Thursday, February 24, 2011
Talking with one of the teachers we hope to involve in the learning futures project, the old topic of firewalls came up. She described the imposition of a blanket firewall as an action worthy of a police state. Even quite reputable educational sites are blocked, along with YouTube etc. Googling, as you do, I wondered who else had recently been writing about school firewalls, but what appeared in my rather crude initial search was pages and pages of firewall hacks and dodges such as this one. In other words there seems to be more interest in subverting systems than challenging those who operate them! I suppose in the long run widespread adoption of such practices would undermine the justification for having firewalls in the first place. Perhaps this is an instance of a new digital politics in which sneaking round firewalls, dodging copyright restrictions, freeing-up information and networked action are coming to the fore.
Sunday, February 20, 2011
I always think a good breakfast sets me up for a day of writing, and having just signed a couple of contracts I'll be needing all the help I can get. Last year's ESRC seminar series is coming to fruition with an edited book for Routledge called 'Virtual Literacies' and I'm involved in a couple of joint ventures producing handbook chapters one on digital texts in the classroom and the other on early digital literacy. Apart from that we have some exciting collaborations between the two Sheffield universities which may well result in some publication. Some colleagues have also been successful in setting up a BAAL seminar series on language and deficit; I'll be doing a keynote at that with the snazzy title 'The Trashmaster: Popular Culture, Bad Language and Writing Online.' So although the policy context is looking rather grim there seems to be plenty to be getting on with. I'll need a good breakfast, but maybe I'll skip the Krave.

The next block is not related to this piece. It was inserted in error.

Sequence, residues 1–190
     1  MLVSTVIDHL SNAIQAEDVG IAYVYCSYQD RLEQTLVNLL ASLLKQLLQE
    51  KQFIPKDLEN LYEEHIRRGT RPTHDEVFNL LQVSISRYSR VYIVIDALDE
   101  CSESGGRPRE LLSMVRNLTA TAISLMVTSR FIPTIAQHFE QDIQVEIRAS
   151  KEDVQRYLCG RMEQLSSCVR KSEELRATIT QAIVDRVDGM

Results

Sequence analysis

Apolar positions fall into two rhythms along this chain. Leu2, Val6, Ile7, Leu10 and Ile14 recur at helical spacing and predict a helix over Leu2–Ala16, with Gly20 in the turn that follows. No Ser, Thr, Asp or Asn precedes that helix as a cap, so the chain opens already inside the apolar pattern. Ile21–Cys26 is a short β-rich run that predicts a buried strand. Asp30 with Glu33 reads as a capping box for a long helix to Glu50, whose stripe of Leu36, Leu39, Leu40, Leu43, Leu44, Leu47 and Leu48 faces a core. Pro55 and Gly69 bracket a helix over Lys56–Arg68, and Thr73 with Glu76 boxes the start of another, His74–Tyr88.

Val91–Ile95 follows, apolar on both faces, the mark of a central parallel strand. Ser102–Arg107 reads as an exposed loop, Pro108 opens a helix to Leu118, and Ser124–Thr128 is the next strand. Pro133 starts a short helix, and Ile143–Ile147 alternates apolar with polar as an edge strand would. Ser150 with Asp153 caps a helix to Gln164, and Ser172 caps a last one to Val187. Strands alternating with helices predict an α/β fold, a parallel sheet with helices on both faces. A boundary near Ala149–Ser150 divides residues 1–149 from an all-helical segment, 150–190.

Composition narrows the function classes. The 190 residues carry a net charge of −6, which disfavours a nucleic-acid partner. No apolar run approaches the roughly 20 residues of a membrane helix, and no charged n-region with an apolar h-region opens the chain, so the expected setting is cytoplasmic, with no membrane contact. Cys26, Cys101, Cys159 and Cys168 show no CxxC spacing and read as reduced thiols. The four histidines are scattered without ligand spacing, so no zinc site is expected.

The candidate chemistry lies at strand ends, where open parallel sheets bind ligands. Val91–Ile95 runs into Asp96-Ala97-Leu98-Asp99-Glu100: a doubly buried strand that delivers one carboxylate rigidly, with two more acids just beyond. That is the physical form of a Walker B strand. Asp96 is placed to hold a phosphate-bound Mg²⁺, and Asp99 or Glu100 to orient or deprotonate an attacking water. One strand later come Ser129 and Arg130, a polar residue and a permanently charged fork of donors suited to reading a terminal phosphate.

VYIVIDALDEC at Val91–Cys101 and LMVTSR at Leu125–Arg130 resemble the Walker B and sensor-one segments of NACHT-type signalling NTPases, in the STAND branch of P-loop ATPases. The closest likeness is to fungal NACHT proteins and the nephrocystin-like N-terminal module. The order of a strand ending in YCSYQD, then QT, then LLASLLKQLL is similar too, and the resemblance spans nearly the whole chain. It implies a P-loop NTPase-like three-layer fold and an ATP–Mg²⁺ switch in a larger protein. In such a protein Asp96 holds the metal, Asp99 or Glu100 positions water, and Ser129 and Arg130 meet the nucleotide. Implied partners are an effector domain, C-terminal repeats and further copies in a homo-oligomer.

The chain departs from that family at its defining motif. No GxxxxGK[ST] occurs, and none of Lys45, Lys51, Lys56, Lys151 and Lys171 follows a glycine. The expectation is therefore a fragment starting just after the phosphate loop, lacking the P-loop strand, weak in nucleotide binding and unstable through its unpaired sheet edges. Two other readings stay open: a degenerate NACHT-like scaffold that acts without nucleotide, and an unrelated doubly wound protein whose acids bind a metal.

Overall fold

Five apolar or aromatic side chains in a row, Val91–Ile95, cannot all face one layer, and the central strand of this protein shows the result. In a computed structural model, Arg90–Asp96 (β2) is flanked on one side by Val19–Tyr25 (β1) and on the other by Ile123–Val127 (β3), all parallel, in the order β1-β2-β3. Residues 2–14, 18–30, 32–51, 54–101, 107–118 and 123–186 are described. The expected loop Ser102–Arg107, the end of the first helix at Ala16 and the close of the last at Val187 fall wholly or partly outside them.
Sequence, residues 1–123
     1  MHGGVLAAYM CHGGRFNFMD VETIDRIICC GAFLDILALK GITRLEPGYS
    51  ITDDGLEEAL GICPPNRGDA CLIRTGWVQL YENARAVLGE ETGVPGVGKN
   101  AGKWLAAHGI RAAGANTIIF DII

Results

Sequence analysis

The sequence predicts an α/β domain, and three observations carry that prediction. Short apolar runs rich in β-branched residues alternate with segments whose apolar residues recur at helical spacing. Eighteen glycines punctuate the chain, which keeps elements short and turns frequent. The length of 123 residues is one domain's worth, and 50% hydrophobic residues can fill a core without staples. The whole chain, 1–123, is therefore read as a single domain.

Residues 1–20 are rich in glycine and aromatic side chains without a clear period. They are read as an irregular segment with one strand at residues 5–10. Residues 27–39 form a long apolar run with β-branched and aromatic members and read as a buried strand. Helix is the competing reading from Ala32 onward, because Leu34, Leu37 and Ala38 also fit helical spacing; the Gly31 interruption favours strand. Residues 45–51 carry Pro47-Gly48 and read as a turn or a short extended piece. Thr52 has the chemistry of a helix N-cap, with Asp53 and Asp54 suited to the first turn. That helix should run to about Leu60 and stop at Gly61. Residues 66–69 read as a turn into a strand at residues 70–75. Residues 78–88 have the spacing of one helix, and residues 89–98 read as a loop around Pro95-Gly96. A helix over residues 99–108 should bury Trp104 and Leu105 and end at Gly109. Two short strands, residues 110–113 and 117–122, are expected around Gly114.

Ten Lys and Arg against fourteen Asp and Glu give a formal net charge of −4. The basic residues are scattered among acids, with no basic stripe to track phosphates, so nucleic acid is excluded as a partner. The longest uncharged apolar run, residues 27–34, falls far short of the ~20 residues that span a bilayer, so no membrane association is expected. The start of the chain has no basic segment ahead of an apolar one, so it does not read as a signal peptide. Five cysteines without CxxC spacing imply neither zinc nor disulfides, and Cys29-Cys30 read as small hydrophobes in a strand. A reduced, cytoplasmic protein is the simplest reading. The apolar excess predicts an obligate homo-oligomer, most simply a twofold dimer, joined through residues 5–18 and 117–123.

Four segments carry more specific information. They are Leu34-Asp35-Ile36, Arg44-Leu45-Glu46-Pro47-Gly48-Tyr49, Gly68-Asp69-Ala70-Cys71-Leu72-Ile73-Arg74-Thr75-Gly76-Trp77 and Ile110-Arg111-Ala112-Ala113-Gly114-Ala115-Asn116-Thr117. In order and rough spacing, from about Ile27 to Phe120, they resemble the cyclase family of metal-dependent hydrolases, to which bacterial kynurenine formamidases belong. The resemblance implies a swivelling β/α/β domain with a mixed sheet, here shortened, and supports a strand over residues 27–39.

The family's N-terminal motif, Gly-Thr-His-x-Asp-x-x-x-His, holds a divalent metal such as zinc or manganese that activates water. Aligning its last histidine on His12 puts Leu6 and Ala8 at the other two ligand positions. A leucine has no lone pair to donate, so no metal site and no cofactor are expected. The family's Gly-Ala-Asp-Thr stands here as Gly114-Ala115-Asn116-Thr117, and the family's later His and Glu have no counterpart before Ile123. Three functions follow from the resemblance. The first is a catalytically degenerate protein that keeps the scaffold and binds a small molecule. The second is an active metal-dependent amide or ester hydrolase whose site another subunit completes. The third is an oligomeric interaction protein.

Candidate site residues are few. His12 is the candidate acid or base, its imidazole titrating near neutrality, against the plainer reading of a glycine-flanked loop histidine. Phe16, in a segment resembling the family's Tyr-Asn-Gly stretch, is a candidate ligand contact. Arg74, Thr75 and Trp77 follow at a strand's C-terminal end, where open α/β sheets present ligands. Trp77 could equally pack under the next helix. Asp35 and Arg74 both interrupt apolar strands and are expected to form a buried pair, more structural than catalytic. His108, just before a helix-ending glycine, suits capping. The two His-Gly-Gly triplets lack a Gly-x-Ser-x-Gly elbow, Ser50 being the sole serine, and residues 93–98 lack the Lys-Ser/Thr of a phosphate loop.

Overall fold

Tuesday, February 15, 2011
Well, good: blogging is catching on! But I was left rather bemused by this article that showed how introducing children to blogging had revolutionised writing practices in Bolton (taught them to write properly). In the current climate of increasingly myopic curricular vision when something like this becomes national news you just have to celebrate it. Maybe my eyes have been dimmed by too many digital innovations, but the whole idea that blogging solves the so-called gender and writing conundrum is a bit underwhelming. Oh I'm glad enough they're blogging (by the way, is that a 21st century skill?) but 5,000 word stories for their blogs? I ask you! I'm still working on that one myself. Scores are going up too. That must be good? Call me a cynic, you can do that, but I was genuinely pleased to read that 'they exchange blogs with places as far apart as Canada and Australia'. Yes they're really far apart, that's global. I know there are other countries, too, but it's good to hear that Bolton is connected. So that's little me in the picture above on the left, before I got glasses. OK so I might be squinting but at least I was legally blonde. And now I'm resolved to improve my writing with more blogging; I'll have to work hard!